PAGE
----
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Knowledge of stroke among an urban population in Cotonou (Benin).

Abstract : BACKGROUND: Studies on the knowledge of stroke, its related risk factors and warning symptoms in the populations of Sub-Saharan Africa are scarce. No study has been performed in Benin until now. METHODS: A door-to-door survey was performed in two districts of Cotonou with a broad socioeconomic range. 15,155 individuals aged ≥15 years were interviewed using a semi-structured questionnaire adapted from previous reports. RESULTS: 15,155 individuals consented to participate in the survey. 14.1% correctly identified the brain as the affected organ in stroke. The most commonly identified risk factor was hypertension (34.5%). The most often cited warning signs of stroke were paralysis and hemiplegia (34.4%). Relatives were the major source of information about stroke (25.1%). In multivariate analysis, age, education level, occupation, self-reported risk factors of stroke, overweight and obesity were associated with at least one correct response to the questionnaire about stroke risk factors or symptoms. CONCLUSION: The awareness of stroke, and its risk factors and symptoms is low in Cotonou. The results suggest that specific education programs may improve people's knowledge of stroke and their awareness of related risk factors in Sub-Saharan African countries.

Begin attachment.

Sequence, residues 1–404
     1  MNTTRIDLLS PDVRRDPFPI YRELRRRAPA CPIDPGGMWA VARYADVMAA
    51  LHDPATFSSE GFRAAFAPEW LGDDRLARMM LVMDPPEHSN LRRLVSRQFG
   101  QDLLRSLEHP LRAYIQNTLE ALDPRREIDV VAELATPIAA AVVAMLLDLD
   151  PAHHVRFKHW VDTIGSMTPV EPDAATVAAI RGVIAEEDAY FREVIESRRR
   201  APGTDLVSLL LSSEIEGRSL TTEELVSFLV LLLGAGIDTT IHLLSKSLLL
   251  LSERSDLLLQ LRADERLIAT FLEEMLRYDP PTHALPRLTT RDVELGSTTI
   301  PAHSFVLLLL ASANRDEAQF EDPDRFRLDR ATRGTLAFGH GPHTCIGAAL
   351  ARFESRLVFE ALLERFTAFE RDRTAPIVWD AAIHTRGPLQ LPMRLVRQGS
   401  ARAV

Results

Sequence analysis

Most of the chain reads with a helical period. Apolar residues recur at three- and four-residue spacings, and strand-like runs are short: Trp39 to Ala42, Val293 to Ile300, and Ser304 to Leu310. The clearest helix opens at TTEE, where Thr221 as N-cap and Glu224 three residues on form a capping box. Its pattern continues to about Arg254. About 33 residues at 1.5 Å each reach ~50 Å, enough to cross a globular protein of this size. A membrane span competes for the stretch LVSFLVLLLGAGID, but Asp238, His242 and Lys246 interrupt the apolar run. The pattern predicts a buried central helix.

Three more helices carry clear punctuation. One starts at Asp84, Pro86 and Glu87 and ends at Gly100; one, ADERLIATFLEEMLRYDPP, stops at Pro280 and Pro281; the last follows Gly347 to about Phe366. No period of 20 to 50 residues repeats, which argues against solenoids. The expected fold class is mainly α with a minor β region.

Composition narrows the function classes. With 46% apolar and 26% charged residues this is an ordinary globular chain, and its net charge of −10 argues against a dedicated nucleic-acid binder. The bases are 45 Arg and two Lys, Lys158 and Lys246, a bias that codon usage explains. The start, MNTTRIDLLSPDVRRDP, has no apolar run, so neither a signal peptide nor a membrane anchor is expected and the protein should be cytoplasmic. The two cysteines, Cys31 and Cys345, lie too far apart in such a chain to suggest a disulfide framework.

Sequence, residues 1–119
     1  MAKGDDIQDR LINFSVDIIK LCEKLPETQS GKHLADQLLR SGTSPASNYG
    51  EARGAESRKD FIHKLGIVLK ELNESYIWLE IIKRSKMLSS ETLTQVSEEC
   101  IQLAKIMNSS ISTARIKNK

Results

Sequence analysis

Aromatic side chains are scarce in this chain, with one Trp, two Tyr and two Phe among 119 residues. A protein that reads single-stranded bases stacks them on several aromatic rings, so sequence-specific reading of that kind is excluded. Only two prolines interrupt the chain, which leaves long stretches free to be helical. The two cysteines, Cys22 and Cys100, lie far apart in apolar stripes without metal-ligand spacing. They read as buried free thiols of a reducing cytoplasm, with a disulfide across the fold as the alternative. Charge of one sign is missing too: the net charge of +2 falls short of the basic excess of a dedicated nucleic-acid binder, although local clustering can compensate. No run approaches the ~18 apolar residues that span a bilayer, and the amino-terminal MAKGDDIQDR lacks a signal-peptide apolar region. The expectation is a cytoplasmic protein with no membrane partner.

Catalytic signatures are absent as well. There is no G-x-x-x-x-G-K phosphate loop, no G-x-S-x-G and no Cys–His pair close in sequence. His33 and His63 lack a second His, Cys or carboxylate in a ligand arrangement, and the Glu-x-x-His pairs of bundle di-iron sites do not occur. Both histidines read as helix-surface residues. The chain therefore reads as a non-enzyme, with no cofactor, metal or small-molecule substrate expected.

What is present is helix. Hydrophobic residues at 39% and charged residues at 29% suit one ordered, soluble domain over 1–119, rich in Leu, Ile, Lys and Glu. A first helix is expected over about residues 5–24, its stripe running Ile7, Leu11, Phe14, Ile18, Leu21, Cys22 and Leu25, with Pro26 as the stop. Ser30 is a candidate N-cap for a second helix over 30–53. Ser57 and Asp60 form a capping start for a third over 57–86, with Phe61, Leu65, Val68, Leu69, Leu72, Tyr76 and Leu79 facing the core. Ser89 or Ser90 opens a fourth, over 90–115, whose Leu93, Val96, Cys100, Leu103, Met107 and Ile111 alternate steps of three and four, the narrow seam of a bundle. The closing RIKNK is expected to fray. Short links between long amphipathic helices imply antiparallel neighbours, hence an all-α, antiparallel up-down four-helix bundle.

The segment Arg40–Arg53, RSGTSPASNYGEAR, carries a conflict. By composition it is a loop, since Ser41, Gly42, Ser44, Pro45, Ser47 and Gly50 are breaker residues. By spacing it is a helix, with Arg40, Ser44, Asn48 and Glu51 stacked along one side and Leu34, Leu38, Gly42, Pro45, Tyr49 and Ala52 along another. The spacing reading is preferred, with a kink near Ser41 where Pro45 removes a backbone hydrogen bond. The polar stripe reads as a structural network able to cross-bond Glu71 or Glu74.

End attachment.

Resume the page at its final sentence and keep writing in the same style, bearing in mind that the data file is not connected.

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Contributeur : Elisabeth Grelier Connectez-vous pour contacter le contributeur
Soumis le : jeudi 19 décembre 2013 - 11:58:54
Dernière modification le : samedi 26 mars 2022 - 04:24:36



Marie-Joëlle Cossi, Pierre-Marie Preux, Hugues Chabriat, Claire Gobron, Dismand Stephan Houinato. Knowledge of stroke among an urban population in Cotonou (Benin).. Neuroepidemiology, 2012, 38 (3), pp.172-8. ⟨10.1159/000336862⟩. ⟨hal-00920840⟩



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